I was in the Mosel this week for the annual “réunion plénière” of our company.
Each year we take all the winemakers of the AXA Millésimes properties, together with our principal commercial and administrative managers, to a wine region where we mix business with pleasure (as in fact we usually do in this particular business) by holding our internal meeting, exchanging information about what everyone has been doing over the past year, but also visiting a few wine producers from regions other than our own.
It is a great opportunity for everyone to catch up -as you can imagine, the team from Hungary do not often meet the team from Portugal during the course of the year- but also a chance to broaden our horizons by immersing ourselves in a wine world that is a little different from the ones we know.
Last year we had a great visit to Jerez. This year was the turn of the Mosel.
The photographs may give the misleading impression that every one is just having a good time. But I am sure it is obvious that in order to understand fully a wine region it is necessary to taste extensively the wines that are produced there. And so we make a big effort to do this.
It was in fact a great learning experience. This is perhaps the moment for me to admit that the German wine labelling system has not always been entirely clear to me. I am sure that I am in a small minority here, which is why I hesitate to make this admission. I have so often opened a Kabinett expecting it to be dry, only to find it fruity and sweet, or a Spätlese expecting to find it fruity and sweet and finding it dry or half dry that I have always been a little confused about how it works.
During our first tasting at Dr Loosen I had a sudden moment of illumination when in one magic phrase Thomas Loosen made everything clear. I had never understood before (and this is rather embarrassing to admit) that the terms Kabinett, Spätlese, Auslese etc. refer to the richness of the must after pressing and before vinification. After that the winemaker can vinify them dry, semi-dry, or sweet. This was an astounding revelation. I felt that I once was lost, but now was found, was blind, but now I saw. All my previous confusing experiences now had an explanation.
And I am full of admiration. I find it quite glorious to have created a whole complex system of classification that gives no idea whatsoever to the consumer what the wine will taste like. Brilliant. In a world where people are always trying to simplify what is complex and fascinating (think restaurant wine lists that depressingly try to classify wines as “rich and fruity” “full bodied” “dry and refreshing” – which I normally take as a sign that I might be in the wrong place), I find the opacity of this system, and the degree of hard work that is necessary to begin to understand it, very refreshing.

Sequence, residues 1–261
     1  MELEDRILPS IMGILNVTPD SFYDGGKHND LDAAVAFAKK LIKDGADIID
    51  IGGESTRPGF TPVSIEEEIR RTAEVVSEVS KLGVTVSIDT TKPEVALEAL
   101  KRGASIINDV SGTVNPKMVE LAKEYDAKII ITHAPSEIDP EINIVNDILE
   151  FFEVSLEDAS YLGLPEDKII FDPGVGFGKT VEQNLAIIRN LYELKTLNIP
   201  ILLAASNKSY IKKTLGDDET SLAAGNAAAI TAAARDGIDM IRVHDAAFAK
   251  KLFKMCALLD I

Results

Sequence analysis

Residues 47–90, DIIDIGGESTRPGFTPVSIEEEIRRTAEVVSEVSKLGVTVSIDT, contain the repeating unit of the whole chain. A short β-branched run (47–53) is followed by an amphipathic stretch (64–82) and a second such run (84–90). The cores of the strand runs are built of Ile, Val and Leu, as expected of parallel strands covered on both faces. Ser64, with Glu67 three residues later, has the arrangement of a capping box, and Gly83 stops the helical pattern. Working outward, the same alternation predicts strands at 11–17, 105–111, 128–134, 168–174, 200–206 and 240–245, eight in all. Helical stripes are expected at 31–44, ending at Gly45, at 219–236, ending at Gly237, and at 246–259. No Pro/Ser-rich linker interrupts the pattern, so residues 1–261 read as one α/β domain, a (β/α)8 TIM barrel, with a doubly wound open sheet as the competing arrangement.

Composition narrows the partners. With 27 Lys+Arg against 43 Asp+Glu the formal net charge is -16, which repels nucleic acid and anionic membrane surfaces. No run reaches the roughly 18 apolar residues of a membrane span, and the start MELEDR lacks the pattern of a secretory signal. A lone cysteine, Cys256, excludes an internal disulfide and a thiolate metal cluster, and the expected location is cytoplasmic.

Or I did. I discovered later in the trip that as from 2012, this classification system will only be allowed for semi-sweet or sweet wines, so the possibility of a dry Kabinett or a dry Spätlese will no longer exist. I admit to being a bit disappointed by this. Having mastered the full extent of the system’s complexity, I was slightly taken aback to hear of a simplification. But perhaps I misunderstood.
Be that as it may, we tasted some wonderful wines. Both dry and semi dry, sweet and very sweet. My own preference has always been for a spatlese with some residual sugar, a low level of alcohol, and ten to twenty years’ bottle age. We tasted some magnificent examples of these wines, at very generous, informative and extensive tastings at Loosen and Reichsgraf von Kesselstatt, and finally at the Joh.Jos Prüm tasting dinner at the end.
Here is a photograph of me being bewitched by the beauty and charm of Katharina Prüm who very kindly came to dinner with us to show a selection of her great wines. (They have not started making red wines as far as I know: we finished with a glass of Quinta do Noval Vintage Port).
It was a wonderful visit and I think we all came away with a glowing impression of the quality of the wines and of the warmth and friendliness with which we were received.